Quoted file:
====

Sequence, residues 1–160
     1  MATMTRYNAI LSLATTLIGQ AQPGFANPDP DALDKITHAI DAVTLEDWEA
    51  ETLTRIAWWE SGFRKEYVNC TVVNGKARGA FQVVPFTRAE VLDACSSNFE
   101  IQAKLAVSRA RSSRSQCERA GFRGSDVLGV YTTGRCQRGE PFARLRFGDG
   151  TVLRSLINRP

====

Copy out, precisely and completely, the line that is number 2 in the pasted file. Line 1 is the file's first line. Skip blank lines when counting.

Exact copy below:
     1  MATMTRYNAI LSLATTLIGQ AQPGFANPDP DALDKITHAI DAVTLEDWEA